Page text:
CD – We asked many people for advice. We got advice from some people that had Kickstarter campaigns in the past and read many books about Kickstarter and crowdfunding because it is a very complex topic. Also, we received advice from people that have their own businesses and know how to ship worldwide or do the taxes, or use marketing tools, etc… Without the Internet, we would not have been able to get this information.

There are many guitar pick communities! This is awesome! Most of these people make their own picks and share them online. Some of these are made out of stone or materials that can be formed with simple tools at home and they look incredibly good. Other people collect every pick they can and have and have a very wide knowledge regarding brands, materials, etc… I was surprised to discover these communities and happy when I saw they are excited about new brands.

HRWhat’s been the most exciting part of the Rombo story so far?

CD – The development of the whole concept. It is our first project, we all work 8/5 for other companies where the roles are very defined. With Rombo we had to learn to have a bigger perspective of everything and take care of things that we had to learn from the beginning. We are very influenced by the DIY culture and believe that two or three people can create really cool things if they are organized and want to learn new things. We improved our engineering skills and had to communicate with lots of people.

The designs of the picks and the pictures we made were a very beautiful part of the project because we started to see that this was real and start receiving feedback from people on the social media. That was very motivating and encouraged us to continue and give our best.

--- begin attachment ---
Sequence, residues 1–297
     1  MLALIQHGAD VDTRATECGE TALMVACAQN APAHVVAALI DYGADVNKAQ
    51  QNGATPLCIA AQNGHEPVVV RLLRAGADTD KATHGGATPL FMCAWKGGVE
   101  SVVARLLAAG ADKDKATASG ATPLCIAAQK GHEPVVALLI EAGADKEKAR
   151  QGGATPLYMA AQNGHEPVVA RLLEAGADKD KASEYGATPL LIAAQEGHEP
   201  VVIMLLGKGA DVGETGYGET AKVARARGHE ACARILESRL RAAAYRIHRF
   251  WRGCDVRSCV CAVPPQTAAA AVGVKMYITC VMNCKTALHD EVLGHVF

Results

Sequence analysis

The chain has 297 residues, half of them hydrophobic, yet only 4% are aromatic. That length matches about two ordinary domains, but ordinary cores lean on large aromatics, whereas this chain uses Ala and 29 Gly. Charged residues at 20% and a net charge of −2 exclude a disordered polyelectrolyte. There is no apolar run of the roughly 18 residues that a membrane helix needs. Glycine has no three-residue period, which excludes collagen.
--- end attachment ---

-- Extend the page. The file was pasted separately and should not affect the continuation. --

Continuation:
HRNow the big one – how much are these picks going to cost at the end of the process? Are they available exclusively individually or in packs?

CD – The picks will be available in packs. There will be packs with the complete collection (colors and types), packs with just one type of pick, and packs with a try out mix. We also want to offer more than one pack at the same time, for example 5 times the try out mix; this way people will be able to share shipping costs.

The final price will be defined in the next days! We have worked very hard to reach affordable prices comparable to picks of the same category. So, although I cannot tell the exactly price, I can ensure that the Rombo picks won’t be expensive. Besides, the Kickstarter prices will be reduced up to 50% since we want to thank all the backers for making this possible.

HR – Thanks for talking to Heavy Repping! I genuinely appreciate it, and wish you all the absolute best!

CD – Thank you for giving us the support and the opportunity to be part of your community!

Find out more at http://rombopicks/com, and follow this exciting adventure on Instagram at @rombopicks.